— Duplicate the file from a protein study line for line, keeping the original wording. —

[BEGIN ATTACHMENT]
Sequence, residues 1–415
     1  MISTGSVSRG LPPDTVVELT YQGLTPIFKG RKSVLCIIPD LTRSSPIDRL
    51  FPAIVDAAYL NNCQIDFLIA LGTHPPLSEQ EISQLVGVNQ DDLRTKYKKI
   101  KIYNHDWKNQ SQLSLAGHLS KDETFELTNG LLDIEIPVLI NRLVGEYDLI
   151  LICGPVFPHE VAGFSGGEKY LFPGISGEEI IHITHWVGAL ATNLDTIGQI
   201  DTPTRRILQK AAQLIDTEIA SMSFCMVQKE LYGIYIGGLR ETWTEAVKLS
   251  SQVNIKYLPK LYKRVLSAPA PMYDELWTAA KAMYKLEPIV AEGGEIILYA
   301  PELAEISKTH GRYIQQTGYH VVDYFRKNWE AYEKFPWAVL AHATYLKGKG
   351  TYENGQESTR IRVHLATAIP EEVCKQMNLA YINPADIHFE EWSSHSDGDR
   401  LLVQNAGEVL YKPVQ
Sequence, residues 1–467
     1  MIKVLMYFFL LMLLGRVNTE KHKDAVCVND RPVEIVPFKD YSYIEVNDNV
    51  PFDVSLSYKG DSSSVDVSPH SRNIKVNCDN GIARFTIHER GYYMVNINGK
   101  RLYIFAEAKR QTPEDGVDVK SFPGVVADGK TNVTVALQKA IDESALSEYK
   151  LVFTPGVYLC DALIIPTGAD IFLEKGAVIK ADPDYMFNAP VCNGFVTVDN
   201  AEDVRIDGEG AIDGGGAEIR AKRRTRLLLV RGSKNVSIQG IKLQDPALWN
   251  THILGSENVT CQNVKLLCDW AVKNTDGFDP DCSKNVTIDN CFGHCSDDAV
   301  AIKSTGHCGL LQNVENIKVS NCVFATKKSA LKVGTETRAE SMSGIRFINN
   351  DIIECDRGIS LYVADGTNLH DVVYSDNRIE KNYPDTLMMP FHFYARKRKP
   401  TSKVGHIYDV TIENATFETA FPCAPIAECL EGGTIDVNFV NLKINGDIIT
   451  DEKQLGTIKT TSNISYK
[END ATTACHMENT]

Sequence, residues 1–415
     1  MISTGSVSRG LPPDTVVELT YQGLTPIFKG RKSVLCIIPD LTRSSPIDRL
    51  FPAIVDAAYL NNCQIDFLIA LGTHPPLSEQ EISQLVGVNQ DDLRTKYKKI
   101  KIYNHDWKNQ SQLSLAGHLS KDETFELTNG LLDIEIPVLI NRLVGEYDLI
   151  LICGPVFPHE VAGFSGGEKY LFPGISGEEI IHITHWVGAL ATNLDTIGQI
   201  DTPTRRILQK AAQLIDTEIA SMSFCMVQKE LYGIYIGGLR ETWTEAVKLS
   251  SQVNIKYLPK LYKRVLSAPA PMYDELWTAA KAMYKLEPIV AEGGEIILYA
   301  PELAEISKTH GRYIQQTGYH VVDYFRKNWE AYEKFPWAVL AHATYLKGKG
   351  TYENGQESTR IRVHLATAIP EEVCKQMNLA YINPADIHFE EWSSHSDGDR
   401  LLVQNAGEVL YKPVQ
Sequence, residues 1–467
     1  MIKVLMYFFL LMLLGRVNTE KHKDAVCVND RPVEIVPFKD YSYIEVNDNV
    51  PFDVSLSYKG DSSSVDVSPH SRNIKVNCDN GIARFTIHER GYYMVNINGK
   101  RLYIFAEAKR QTPEDGVDVK SFPGVVADGK TNVTVALQKA IDESALSEYK
   151  LVFTPGVYLC DALIIPTGAD IFLEKGAVIK ADPDYMFNAP VCNGFVTVDN
   201  AEDVRIDGEG AIDGGGAEIR AKRRTRLLLV RGSKNVSIQG IKLQDPALWN
   251  THILGSENVT CQNVKLLCDW AVKNTDGFDP DCSKNVTIDN CFGHCSDDAV
   301  AIKSTGHCGL LQNVENIKVS NCVFATKKSA LKVGTETRAE SMSGIRFINN
   351  DIIECDRGIS LYVADGTNLH DVVYSDNRIE KNYPDTLMMP FHFYARKRKP
   401  TSKVGHIYDV TIENATFETA FPCAPIAECL EGGTIDVNFV NLKINGDIIT
   451  DEKQLGTIKT TSNISYK